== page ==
"To change a relationship mid-stream from a loving, monogamous one to 'it has to be open or else' is not fair to your spouse or partner. If you are bored sexually and want to move on, it is time to end the relationship instead of trying to push for it to be open," she says. "You end up hurting your spouse or partner with emotional blackmail and they feel they must twist themselves into a pretzel to make you happy." If you want an open relationship and your partner doesn't? "Make a clean break and go sow your oats without forcing someone into your new 'plan,'" she says.

7. The "Choose Between Me And Your Friend, Family Or Pet" Ultimatum

"Any ultimatum that pits you against your family or close friends is going to either leave both of you questioning the relationship and the reasoning behind the request," dating expert Noah Van Hochman tells Bustle. "These are times when either a strategic retreat or workable compromise are the best course of action if you want the relationship to continue." In other words, if you don't like your partner's BFF, you can't ask them to choose between the two of you. "This is one of the hardest ultimatums to work through but also one of the most common," he says.

"[Another ultimatum] is to make a partner choose between you and a pet that they may have had for a long time," Van Hochman says. "Our pets become more like members of the family rather than just an animal, and asking someone to give up a pet is like asking to give up a brother or sister — it just should not be done. When you enter into a relationship you should have already considered this as a probability," he says. Either take your partner as they are or find someone else.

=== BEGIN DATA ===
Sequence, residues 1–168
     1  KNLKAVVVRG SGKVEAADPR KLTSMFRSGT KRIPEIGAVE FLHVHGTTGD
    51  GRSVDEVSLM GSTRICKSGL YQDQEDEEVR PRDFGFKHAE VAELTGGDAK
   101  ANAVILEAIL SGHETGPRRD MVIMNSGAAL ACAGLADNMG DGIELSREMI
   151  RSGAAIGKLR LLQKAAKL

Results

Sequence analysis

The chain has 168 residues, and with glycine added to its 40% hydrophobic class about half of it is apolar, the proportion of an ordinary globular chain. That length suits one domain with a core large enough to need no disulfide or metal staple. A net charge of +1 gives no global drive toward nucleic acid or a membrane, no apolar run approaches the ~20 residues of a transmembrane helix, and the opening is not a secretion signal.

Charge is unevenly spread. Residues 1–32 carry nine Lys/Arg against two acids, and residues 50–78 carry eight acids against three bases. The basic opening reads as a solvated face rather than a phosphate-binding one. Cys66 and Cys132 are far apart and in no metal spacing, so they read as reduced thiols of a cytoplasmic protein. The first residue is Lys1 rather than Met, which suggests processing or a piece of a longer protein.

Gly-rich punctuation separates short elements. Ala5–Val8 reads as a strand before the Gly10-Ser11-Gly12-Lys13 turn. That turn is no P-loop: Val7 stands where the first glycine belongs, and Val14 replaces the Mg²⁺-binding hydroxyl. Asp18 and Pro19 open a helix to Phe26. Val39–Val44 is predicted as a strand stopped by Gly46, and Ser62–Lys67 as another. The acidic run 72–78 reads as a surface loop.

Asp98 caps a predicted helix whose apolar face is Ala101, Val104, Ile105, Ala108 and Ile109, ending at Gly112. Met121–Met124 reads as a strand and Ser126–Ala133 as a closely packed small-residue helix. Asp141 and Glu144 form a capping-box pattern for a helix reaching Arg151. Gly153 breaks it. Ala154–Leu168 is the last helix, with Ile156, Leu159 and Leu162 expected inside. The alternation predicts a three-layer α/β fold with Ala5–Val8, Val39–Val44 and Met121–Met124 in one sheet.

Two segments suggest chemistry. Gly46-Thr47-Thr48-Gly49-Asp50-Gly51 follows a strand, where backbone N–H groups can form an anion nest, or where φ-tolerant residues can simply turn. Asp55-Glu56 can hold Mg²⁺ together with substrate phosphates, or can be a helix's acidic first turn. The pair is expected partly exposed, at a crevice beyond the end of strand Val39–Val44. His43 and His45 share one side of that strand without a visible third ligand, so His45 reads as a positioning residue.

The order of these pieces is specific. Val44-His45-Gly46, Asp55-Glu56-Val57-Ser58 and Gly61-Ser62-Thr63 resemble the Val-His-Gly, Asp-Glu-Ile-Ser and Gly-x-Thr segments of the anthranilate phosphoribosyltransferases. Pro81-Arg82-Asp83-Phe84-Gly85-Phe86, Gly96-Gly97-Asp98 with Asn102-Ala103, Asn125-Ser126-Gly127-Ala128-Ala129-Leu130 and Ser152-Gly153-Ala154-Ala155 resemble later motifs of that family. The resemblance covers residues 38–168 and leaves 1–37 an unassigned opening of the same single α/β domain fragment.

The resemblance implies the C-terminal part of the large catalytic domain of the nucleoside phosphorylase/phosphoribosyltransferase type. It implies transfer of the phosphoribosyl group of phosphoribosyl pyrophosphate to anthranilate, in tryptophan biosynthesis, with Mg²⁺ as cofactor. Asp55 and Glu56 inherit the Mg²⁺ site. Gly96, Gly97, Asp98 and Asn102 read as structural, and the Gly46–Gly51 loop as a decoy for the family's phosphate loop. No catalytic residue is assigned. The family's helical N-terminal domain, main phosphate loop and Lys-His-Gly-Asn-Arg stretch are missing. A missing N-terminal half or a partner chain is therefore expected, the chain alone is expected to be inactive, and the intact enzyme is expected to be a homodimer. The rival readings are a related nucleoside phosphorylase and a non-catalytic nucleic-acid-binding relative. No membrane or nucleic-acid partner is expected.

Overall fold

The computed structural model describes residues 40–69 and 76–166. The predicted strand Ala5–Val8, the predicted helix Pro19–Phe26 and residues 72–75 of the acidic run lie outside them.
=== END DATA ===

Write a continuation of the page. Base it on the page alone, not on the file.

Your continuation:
8. The "If You Mess Up, I Won't Sleep With You" Ultimatum

"I find it is super unfair to put ultimatums in your sex life," Rob Alex, who created Sexy Challenges and Mission Date Night with his wife, tells Bustle. "For example, if you withhold lovemaking from your partner because they didn't stand up to their boss, or because they forgot to pick up the dry cleaning," Alex says. "We all get mad at each other, even in the best of relationships, but withholding any type of affection for your partner because you don't agree with something they did will not help build your relationship."

If you are upset about something, talk it through, but don't let it come along to the bedroom. "Even if you are too upset to be intimate, each and every night should end with a kiss and telling each other that you love each other," he says.